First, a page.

It’s no secret that deer numbers across many states have plummeted in recent years. The subjuct is a major point of conversation and the deer hunting internet forums are lighting up with the topic. There are several factors involved.
High numbers of predators are partially to blame. Wolf and bear populations in Minnesota, Wisconsin and Michigan are taking their toll, particularly in the area of fawn recruitment. Low fur prices have kept trapping activity at a low level and in some states coyote populations are high.
But even more than predators, the low numbers are in part due to hemorrhagic disease outbreaks, which have played a role in reducing deer populations in some locals where the outbreaks have been severe. Harsh winters in some areas have been taking a toll.
Some of the reduction is intentional. Artificially high deer populations have influenced some state game departments to reduce the herds by increasing the doe harvest, which in some cases appears to have been too effective. In many areas, a lot of deer tags are now going unfilled due to low deer numbers. According to a recent report by the Quality Deer Management Association several states’ harvest levels have dropped by large percentages. In a study of trends from the last ten years of which data is available, between 2003 and 2013, the Midwest has been particularly hard hit by plummeting deer numbers. There were 18 percent fewer bucks taken from 2003 to 2013, and 20 percent fewer does.
"Wisconsin's buck harvest declined 26 percent during the last decade, Minnesota's dropped 27 percent, and Iowa's plummeted 43 percent," said QDMA officials. "These are big declines, and hunters are definitely taking notice.”
Yet, while overall harvest has declined, the number of mature bucks in relation to overall harvest has steadily increased. Several states have implemented restrictions to protect young bucks, and it has had a profound effect. Arkansas is a prime example. Since 1998, the state has restricted hunters to taking bucks of at least four points on one side. In the most recent season, only 8 percent of bucks taken were yearlings. Arkansas now ranks second nationally in the percentage of mature bucks bagged by hunters at 67%. This is also the trend in other states that are protecting young bucks.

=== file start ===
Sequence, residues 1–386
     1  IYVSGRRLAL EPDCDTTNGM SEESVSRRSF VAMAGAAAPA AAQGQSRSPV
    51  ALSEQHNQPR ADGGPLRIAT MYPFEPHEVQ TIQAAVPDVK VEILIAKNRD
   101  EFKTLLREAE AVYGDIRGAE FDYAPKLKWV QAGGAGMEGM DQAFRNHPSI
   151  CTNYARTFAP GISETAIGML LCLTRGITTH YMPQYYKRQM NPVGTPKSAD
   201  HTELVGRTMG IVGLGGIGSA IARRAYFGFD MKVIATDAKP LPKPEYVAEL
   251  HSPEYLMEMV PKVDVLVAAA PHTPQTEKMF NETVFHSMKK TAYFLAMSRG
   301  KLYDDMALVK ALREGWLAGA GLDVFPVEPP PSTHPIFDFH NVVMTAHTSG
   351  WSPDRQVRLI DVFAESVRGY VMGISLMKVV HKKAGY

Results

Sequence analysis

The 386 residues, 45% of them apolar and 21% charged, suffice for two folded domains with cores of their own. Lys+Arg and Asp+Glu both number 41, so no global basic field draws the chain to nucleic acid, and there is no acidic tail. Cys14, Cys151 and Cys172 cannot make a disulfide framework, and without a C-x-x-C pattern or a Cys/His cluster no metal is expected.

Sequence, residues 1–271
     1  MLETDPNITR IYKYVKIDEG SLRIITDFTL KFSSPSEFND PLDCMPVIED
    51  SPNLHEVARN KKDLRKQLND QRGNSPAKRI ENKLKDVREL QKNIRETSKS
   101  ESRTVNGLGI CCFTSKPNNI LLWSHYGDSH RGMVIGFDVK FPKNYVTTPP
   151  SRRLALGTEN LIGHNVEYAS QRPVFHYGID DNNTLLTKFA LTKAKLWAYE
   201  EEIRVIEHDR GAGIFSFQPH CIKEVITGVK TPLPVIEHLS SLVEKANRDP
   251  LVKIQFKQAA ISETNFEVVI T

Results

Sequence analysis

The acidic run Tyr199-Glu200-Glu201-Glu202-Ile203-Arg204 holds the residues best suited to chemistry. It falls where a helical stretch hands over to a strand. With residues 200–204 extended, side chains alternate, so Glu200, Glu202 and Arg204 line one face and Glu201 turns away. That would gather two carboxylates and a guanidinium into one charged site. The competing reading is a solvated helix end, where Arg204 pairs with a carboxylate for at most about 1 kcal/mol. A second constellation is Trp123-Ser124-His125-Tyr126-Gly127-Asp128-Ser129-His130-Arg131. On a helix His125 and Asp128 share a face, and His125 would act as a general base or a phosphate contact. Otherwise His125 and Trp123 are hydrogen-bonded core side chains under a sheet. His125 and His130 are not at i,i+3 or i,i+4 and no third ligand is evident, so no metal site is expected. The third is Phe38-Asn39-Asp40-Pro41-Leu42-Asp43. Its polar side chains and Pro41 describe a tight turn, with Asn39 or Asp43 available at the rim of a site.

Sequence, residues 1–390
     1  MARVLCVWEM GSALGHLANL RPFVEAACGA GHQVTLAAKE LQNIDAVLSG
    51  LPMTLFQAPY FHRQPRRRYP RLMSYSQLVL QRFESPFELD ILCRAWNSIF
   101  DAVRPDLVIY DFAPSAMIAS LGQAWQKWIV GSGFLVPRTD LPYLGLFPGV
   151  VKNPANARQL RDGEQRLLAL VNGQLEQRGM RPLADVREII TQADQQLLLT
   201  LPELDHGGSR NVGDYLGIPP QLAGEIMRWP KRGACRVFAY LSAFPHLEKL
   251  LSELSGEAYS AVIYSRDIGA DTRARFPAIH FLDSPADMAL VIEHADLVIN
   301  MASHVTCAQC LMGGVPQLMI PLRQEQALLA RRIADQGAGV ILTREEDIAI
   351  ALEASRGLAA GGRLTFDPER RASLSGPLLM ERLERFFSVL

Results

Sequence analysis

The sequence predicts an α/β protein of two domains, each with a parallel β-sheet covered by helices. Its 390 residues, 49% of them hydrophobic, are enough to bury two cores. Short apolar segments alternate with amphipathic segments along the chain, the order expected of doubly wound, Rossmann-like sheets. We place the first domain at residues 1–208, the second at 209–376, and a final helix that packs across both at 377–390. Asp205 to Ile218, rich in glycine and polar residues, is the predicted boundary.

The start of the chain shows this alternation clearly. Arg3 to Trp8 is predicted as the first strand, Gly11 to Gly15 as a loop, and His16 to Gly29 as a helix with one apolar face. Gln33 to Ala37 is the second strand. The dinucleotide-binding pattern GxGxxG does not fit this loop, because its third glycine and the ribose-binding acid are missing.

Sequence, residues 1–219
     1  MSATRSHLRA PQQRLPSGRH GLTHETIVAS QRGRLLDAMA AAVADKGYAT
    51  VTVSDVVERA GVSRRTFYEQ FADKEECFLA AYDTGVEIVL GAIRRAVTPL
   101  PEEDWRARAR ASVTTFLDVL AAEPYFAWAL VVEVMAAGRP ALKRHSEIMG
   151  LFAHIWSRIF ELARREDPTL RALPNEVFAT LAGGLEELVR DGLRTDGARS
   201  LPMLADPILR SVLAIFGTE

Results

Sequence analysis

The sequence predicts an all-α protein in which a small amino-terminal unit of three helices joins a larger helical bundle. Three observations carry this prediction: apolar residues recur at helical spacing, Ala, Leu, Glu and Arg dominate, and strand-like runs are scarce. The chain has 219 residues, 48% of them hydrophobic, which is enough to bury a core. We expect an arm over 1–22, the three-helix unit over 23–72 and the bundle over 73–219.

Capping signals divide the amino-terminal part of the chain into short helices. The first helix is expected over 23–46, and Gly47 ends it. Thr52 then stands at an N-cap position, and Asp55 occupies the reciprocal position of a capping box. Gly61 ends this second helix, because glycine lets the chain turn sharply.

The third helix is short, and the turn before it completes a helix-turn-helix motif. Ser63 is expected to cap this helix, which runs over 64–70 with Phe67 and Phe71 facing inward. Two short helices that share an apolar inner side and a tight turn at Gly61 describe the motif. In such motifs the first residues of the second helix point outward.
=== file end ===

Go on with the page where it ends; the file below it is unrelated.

Much of the protection of younger bucks is due to hunter attitudes. While the number of mature bucks continues to rise, the percentage of yearling bucks in the harvest reached a record-low of 36 percent
"This is a testament to how far we've come as hunters in the past decade," said Kip Adams, QDMA's Director of Education & Outreach, who compiles the annual Whitetail Report. "More hunters are choosing to protect yearling bucks, and they are being rewarded by seeing and killing more of them as mature animals."
Nationally, the decreasing percentage of yearling bucks in the harvest is profound. In 1989, 62% of the bucks killed by hunters in the US were 1.5 years old. In 2013, the number is 36%. Clearly, the reason hunters are shooting bigger, more mature bucks, is because they are letting the young ones walk.
This is obvious when viewed as a state-by-state comparison too. The five states with the lowest percentage of yearling bucks in the antlered buck harvest, according to QDMA's Whitetail Report, are also the top-five states in percentage of mature bucks: Louisiana, Arkansas, Oklahoma, Texas and Kansas.
The landscape of whitetail deer hunting is changing. Some of the changes are dramatic and alarming, and some are good news for hunters. QDMA’s 68-page annual report details these changes along with a number of additional trends in deer hunting and population factors. It can be accessed for free online at http://www.qdma.com/corporate/whitetail-report.